his name. In his body he’s one with air, white as a sky

rinsed with rain. It’s cold there, it’s hard to breathe,
and drowning is somewhere to be after a month of drought.

Thanks, by W. S. Merwin

Listen
with the night falling we are saying thank you
we are stopping on the bridges to bow from the railings
we are running out of the glass rooms
with our mouths full of food to look at the sky
and say thank you
we are standing by the water thanking it
smiling by the windows looking out
in our directions

back from a series of hospitals back from a mugging
after funerals we are saying thank you
after the news of the dead
whether or not we knew them we are saying thank you

over telephones we are saying thank you
in doorways and in the backs of cars and in elevators
remembering wars and the police at the door
and the beatings on stairs we are saying thank you
in the banks we are saying thank you
in the faces of the officials and the rich
and of all who will never change
we go on saying thank you thank you

with the animals dying around us
our lost feelings we are saying thank you
with the forests falling faster than the minutes
of our lives we are saying thank you
with the words going out like cells of a brain
with the cities growing over us
we are saying thank you faster and faster
with nobody listening we are saying thank you
we are saying thank you and waving
dark though it is

The Threat, by Denise Duhamel

my mother pushed my sister out of the apartment door with an empty
suitcase because she kept threatening to run away  my sister was sick of me
getting the best of everything  the bathrobe with the pink stripes instead of
the red  the soft middle piece of bread while she got the crust  I was sick with
asthma and she thought this made me a favorite

I wanted to be like the girl in the made-for-tv movie  Maybe I’ll Come Home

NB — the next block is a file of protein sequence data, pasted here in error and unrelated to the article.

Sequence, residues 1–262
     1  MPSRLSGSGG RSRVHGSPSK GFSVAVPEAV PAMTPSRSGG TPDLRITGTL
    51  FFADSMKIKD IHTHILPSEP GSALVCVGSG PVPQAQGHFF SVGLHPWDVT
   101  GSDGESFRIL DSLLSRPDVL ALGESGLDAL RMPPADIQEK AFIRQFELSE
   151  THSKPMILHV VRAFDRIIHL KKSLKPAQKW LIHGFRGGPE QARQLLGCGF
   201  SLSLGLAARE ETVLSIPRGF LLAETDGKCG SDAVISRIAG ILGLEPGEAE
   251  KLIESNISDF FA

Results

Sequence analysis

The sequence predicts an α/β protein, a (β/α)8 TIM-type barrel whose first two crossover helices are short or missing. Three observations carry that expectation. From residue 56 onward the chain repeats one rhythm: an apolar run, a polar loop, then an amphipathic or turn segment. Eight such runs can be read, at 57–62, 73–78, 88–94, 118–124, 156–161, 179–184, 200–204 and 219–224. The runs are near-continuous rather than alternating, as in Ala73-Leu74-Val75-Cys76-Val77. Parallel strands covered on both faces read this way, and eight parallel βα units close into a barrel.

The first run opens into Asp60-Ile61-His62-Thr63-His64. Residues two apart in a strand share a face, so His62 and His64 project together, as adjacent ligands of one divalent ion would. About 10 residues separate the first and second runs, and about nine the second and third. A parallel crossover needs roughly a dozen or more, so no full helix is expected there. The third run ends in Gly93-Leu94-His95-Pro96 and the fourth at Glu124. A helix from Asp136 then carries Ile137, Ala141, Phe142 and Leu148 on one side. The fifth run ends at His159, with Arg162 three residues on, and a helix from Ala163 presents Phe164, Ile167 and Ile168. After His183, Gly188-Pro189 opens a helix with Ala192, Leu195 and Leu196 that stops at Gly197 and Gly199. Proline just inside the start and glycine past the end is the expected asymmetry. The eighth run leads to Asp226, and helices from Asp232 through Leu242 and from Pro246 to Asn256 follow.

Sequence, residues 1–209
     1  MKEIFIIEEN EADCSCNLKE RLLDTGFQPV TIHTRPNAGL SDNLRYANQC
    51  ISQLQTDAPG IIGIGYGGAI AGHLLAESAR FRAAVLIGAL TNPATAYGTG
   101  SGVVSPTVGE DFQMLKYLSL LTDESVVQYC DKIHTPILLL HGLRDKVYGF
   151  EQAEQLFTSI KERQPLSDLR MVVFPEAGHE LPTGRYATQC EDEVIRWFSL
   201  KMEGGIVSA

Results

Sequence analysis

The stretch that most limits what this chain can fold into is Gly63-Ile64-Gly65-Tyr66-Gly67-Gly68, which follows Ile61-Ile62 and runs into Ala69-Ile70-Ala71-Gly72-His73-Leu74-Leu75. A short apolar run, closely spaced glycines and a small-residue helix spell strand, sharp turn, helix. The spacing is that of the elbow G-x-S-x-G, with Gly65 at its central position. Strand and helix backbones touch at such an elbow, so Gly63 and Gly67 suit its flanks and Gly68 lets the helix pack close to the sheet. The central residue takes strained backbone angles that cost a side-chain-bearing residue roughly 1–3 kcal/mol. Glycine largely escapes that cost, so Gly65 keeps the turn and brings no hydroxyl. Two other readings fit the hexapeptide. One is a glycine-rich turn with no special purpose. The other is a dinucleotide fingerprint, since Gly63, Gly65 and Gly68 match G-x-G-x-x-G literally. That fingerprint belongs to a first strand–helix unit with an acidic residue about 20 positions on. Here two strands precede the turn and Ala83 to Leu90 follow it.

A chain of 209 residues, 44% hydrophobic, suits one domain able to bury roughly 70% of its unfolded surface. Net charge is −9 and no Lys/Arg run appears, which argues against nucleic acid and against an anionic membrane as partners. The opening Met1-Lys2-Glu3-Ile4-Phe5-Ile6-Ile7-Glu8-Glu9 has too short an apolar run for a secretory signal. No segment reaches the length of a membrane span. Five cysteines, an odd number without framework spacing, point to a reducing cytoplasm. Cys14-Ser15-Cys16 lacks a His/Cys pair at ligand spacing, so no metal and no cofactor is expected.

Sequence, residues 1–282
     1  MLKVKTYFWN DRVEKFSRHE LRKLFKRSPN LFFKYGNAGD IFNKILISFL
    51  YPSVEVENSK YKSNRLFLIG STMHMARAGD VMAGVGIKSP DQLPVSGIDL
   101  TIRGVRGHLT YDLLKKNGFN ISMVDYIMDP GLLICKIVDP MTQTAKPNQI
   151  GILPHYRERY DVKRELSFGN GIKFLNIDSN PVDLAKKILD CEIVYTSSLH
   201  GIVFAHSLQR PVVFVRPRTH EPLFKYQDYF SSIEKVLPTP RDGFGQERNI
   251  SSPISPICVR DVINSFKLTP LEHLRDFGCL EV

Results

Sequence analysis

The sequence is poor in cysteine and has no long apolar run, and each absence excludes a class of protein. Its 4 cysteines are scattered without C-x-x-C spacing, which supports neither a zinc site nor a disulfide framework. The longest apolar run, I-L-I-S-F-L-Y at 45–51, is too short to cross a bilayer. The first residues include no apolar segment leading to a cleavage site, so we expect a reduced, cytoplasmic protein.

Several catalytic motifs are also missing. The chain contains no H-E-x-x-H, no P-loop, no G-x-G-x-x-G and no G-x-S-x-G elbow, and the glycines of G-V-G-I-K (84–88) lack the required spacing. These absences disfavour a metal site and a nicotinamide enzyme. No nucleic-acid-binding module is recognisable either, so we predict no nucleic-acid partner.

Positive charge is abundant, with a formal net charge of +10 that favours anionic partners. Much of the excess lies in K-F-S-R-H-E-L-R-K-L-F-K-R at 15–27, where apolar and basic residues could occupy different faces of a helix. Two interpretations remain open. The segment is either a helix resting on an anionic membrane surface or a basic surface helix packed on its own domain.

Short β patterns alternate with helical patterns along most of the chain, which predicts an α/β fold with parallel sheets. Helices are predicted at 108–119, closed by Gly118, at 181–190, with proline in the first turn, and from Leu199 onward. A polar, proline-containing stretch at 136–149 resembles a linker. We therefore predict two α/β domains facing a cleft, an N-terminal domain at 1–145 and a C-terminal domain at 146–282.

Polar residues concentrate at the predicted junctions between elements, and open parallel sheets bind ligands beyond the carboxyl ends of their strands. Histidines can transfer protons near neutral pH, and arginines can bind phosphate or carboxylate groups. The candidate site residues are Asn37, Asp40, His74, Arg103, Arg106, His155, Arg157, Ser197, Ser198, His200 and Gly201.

in the Spring   which was supposed to make you not want to run away but it
looked pretty fun especially all of the agony it put your parents through and
the girl was in California or someplace warm with a boyfriend and they
always found good food in the dumpsters  at least they could eat pizza and
candy and not meat loaf  the runaway actress was Sally Field or at least
someone who looked like Sally Field as a teenager  the Flying Nun propelled
by the huge wings on the sides of her wimple  Arnold the Pig getting drafted
in Green Acres my understanding then of Vietnam  I read Go Ask Alice and
The Peter Pan Bag  books that were designed to keep a young girl home  but
there were the sex scenes and if anything this made me want to cut my hair
with scissors in front of the mirror while I was high on marijuana but I
couldn’t inhale because of my lungs  my sister was the one to pass out
behind the church for both of us  rum and angel dust

and that’s how it was   my sister standing at the top of all those stairs that
lead up to the apartment and she pushed down the empty suitcase that
banged the banister and wall as it tumbled and I was crying on the other side
of the door because I was sure it was my sister who fell  all ketchup blood and
stuck out bones  my mother wouldn’t let me open the door to let my sister
back in  I don’t know if she knew it was just the suitcase or not  she was cold
rubbing her sleeves a mug of coffee in her hand and I had to decide she said I
had to decide right then